A cynic might call Ed Schultz a left-wing version of Rush Limbaugh. But although elements of the comparison ring true, Schultz's live radio broadcast from the Barrymore Theatre last night showed there are salient, if subtle, differences between the liberal commentator and his Republican counterparts.
The house wasn't quite packed -- about 600 of the 850 seats were full, according to the theater office -- but it felt that way thanks to the boisterous crowd, which was already hooting and clapping during Madison radio host Stu Levitan's warm-up spiel. When "Big Ed" finally strolled onstage to the strains of Guns N' Roses' "Sweet Child O' Mine," the audience popped up for the first of what would be a series of standing ovations throughout the two-hour program.
Such ardent displays of fan enthusiasm lend credence to the Limbaugh comparison; it would have been easy to see Schultz as just another provocateur preaching to the choir. However, while the "Tour for Change" show did feature plenty of demogoguery, it distinguished itself by remaining relatively focused on its subject of health-care reform and, while not digging deep into complex matters of policy, offering an overview of what Schultz thinks needs to be done to get the U.S. onto a single-payer system.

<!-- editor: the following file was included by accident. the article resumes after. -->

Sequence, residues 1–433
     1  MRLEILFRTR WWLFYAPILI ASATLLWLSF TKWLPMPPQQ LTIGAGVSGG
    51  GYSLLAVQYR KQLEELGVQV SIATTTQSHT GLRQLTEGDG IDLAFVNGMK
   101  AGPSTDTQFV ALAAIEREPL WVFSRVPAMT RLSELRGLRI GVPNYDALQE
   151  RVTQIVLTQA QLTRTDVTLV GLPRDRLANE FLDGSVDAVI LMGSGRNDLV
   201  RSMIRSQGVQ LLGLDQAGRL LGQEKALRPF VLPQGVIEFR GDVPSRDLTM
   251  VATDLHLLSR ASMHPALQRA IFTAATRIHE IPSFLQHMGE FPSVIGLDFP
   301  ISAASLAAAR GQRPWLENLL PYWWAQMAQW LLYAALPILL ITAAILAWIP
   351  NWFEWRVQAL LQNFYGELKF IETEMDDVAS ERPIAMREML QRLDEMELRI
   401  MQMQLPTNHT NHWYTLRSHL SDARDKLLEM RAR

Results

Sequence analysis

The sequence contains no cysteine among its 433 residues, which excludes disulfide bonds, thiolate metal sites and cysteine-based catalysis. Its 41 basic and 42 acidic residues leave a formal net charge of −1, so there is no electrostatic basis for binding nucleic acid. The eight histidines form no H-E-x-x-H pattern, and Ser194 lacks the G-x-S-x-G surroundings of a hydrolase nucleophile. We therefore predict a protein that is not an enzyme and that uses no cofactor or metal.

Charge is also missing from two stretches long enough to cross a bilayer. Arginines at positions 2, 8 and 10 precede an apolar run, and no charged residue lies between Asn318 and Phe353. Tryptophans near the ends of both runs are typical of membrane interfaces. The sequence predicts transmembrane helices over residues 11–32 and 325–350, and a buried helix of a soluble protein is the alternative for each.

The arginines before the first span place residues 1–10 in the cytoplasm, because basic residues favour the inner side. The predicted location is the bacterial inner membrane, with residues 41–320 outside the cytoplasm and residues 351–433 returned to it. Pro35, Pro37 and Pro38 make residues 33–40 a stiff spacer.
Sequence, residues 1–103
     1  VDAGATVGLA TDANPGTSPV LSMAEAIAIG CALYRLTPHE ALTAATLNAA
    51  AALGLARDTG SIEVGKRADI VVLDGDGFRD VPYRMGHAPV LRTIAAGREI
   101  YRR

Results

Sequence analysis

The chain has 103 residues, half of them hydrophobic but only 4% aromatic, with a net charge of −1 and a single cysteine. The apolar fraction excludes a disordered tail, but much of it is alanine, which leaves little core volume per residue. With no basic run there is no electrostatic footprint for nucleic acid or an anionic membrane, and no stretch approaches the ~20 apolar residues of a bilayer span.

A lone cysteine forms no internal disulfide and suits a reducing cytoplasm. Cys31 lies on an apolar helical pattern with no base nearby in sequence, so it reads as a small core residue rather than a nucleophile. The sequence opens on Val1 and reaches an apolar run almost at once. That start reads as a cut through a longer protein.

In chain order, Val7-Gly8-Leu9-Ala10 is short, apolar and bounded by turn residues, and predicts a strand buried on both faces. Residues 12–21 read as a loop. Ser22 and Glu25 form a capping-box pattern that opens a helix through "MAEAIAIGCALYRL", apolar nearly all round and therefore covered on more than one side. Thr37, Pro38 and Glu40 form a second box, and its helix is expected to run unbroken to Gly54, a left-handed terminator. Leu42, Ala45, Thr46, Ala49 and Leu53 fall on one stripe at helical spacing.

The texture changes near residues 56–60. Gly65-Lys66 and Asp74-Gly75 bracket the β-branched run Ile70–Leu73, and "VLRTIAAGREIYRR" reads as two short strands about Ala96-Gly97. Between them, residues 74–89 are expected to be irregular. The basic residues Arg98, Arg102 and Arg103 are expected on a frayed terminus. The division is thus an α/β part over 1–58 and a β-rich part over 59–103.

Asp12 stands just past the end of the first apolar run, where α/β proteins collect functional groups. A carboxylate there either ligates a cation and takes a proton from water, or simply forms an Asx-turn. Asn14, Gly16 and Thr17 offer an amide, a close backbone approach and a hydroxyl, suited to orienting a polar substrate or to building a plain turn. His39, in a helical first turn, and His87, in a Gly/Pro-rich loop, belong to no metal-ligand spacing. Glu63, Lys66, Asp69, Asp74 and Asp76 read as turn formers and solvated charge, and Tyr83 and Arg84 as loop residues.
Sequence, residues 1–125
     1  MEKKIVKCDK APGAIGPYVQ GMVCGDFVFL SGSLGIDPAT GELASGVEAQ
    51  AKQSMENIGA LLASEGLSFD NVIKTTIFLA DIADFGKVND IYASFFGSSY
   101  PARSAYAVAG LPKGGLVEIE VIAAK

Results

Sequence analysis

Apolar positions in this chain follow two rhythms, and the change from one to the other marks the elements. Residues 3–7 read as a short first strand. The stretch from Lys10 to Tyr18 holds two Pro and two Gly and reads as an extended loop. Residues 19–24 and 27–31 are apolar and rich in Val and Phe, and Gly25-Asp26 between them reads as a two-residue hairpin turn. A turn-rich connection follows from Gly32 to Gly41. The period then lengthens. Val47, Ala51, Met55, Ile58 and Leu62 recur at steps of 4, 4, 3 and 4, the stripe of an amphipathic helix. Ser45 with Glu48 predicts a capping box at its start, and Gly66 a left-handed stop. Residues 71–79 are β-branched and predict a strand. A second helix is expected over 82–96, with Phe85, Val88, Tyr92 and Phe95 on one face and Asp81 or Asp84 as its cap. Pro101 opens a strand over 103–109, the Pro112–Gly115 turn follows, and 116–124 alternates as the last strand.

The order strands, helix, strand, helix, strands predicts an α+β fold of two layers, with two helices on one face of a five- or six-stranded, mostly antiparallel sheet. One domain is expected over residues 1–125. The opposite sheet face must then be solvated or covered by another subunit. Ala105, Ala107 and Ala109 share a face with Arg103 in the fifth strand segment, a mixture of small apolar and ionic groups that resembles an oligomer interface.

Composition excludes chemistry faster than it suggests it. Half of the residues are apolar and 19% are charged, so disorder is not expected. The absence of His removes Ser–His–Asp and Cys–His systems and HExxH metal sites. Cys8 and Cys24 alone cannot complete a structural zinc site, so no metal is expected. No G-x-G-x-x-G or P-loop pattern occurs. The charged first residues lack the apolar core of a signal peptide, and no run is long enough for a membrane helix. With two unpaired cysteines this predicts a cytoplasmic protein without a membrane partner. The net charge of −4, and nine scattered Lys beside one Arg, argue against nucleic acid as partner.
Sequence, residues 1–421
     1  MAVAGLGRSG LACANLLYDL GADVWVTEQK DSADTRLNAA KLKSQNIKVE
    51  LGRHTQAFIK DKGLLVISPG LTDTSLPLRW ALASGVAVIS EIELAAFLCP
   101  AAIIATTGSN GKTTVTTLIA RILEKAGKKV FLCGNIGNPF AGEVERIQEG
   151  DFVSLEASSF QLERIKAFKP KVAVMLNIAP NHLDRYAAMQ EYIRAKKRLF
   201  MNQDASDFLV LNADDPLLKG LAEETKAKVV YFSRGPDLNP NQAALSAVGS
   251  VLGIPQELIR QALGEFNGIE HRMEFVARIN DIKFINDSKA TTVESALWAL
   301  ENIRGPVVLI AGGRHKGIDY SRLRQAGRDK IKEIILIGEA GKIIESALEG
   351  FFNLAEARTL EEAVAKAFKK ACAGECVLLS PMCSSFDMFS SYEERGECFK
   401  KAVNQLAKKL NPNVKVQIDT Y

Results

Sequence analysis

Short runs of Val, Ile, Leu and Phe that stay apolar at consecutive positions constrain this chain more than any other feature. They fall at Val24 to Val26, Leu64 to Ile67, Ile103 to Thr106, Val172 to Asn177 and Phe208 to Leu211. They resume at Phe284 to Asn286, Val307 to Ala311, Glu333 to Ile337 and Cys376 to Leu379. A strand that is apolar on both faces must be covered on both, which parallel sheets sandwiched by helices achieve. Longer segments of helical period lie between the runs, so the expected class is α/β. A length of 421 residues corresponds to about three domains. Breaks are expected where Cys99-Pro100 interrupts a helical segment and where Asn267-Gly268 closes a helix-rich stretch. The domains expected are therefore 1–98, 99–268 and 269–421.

"I don't know what to say to those Democrats who say, 'We don't know how to pay for it,'" he said early on. "Well, Big Eddie is here to tell you: Repeal the Bush tax cuts." Doing that, he said, as well as eliminating health-care restrictions based on pre-existing conditions and making public coverage available to everyone in the country would be "a pretty good start."
And in the Q&A session that constituted much of the show's second hour, he got into slightly more technical territory, blasting rising COBRA premiums, decrying Republicans' plan to offer tax cuts in lieu of more affordable health care, and mentioning "date-specific arbitration on the Employee Free Choice Act," a series of syllables at least a couple grade levels higher than typical right-wing talk-show fodder.
As for the GOP, Schultz's contempt for them -- "Bipartisanship, my ass! I didn't vote for you guys. Why the hell would I want to work with you?" -- was exceeded only by his ire for Democrats unwilling to fall into line with their supporters' agenda. "I have no patience for conservative Democrats," he said, describing those who've seemingly forgotten the results of last year's election as having amnesia: "They need some serious health care."
Schultz shared the stage during part of the first hour with Democratic Rep. Tammy Baldwin, and later with his radio show's "senior legal analyst," Norman Goldman, to announce the September debut of Goldman's own radio show. He also said that on today's broadcast of "The Ed Show" on MSNBC, he'd ask President Obama to call on members of Congress to work until the current health-care bill is finished, instead of taking their usual August vacation.
"I've seen Ed two other times here," Jim Martino of Madison, who attended with his 16-year-old son Louis, said after the show. "I thought he was more fired up this time, maybe because of the focus on health care. To hell with bipartisanship! We need to push this through, even if the Republicans aren't going to like it."